The Who was the first choice for the band in the episode. The line of the split was changed several times, with one of the lines being between Homer and Ned's houses. Bart keeping his pants off in the scene after he had them taken was not in the script but was done by the animators. The Who recorded their lines in London, with Mike Scully and Dan Castellaneta going there to record. Pete Townshend didn't voice his character as he thought it would have been like Yellow Submarine where The Beatles had other actors imitate their voices. Roger Daltrey then got the idea to call Pete's brother Paul Townshend who looked and sounded like Pete and offered him money to voice Pete. Roger Daltrey had talked Pete Townshend into voicing his character, but on the day of recording, he didn't show up, having changed his mind.
The animators based the look of The Who on how they looked in the '80s. The band wanted them to put Keith Moon in, rather than their current drummer Zak Starkey, to immortalize him after Moon passed away in 1978. The Who also helped with the designs for their costumes.
According to producer George Meyer, there was online backlash against the episode over the scene where Homer gets disemboweled by the badger, with fans finding it too disgusting for The Simpsons.
As of January 2020, the episode has a 7.5 rating on IMDb and a 7.9 rating on TV.com.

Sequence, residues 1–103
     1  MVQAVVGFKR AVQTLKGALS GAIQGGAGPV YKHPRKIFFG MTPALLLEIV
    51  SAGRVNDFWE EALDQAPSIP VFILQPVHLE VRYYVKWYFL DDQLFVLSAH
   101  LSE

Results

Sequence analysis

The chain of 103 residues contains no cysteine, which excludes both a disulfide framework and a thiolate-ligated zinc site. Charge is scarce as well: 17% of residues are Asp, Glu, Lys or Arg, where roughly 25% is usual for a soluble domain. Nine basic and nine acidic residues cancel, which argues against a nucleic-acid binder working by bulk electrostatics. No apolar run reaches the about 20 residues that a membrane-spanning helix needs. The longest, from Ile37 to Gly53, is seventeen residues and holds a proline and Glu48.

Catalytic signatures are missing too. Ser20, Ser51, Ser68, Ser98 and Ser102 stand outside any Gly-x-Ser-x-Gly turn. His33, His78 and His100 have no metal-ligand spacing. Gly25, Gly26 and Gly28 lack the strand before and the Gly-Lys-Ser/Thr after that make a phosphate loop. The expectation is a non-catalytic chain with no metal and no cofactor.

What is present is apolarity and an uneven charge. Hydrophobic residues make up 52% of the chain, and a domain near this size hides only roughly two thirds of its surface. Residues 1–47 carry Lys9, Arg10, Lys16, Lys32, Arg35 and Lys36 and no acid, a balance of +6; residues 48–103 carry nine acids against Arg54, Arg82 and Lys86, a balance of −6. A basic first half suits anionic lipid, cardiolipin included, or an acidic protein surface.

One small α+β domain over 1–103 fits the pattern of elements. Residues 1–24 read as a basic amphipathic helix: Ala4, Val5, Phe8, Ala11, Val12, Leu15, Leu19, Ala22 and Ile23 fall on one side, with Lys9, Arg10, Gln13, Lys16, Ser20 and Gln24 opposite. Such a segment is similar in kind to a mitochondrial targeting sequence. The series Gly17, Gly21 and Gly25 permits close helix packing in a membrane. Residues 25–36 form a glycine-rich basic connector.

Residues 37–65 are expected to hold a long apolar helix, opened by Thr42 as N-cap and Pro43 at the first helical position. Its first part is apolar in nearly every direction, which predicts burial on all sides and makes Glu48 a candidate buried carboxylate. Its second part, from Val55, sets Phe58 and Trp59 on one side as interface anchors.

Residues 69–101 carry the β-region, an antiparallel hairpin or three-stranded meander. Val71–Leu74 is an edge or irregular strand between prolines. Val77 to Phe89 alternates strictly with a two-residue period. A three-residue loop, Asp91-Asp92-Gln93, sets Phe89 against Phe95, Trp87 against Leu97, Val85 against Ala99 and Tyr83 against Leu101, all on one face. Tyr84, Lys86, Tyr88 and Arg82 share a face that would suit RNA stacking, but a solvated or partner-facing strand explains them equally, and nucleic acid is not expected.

- ↑ Payne, Don (2009). Commentary for "A Tale of Two Springfields", in The Simpsons: The Complete Twelfth Season.
- ↑ Jean, Al (2009). Commentary for "A Tale of Two Springfields", in The Simpsons: The Complete Twelfth Season.
- ↑ 3.0 3.1 3.2 3.3 3.4 Scully, Mike (2009). Commentary for "A Tale of Two Springfields", in The Simpsons: The Complete Twelfth Season.
- ↑ 4.0 4.1 Cashman, Shaun (2009). Commentary for "A Tale of Two Springfields", in The Simpsons: The Complete Twelfth Season.
- ↑ Castellaneta, Dan (2009). Commentary for "A Tale of Two Springfields", in The Simpsons: The Complete Twelfth Season.
- ↑ Daltrey, Roger (2009). Commentary for "A Tale of Two Springfields", in The Simpsons: The Complete Twelfth Season.
- ↑ Meyer, George (2009). Commentary for "A Tale of Two Springfields", in The Simpsons: The Complete Twelfth Season.
- ↑ IMDb - "A Tale of Two Springfields"
- ↑ TV.com - "A Tale of Two Springfields"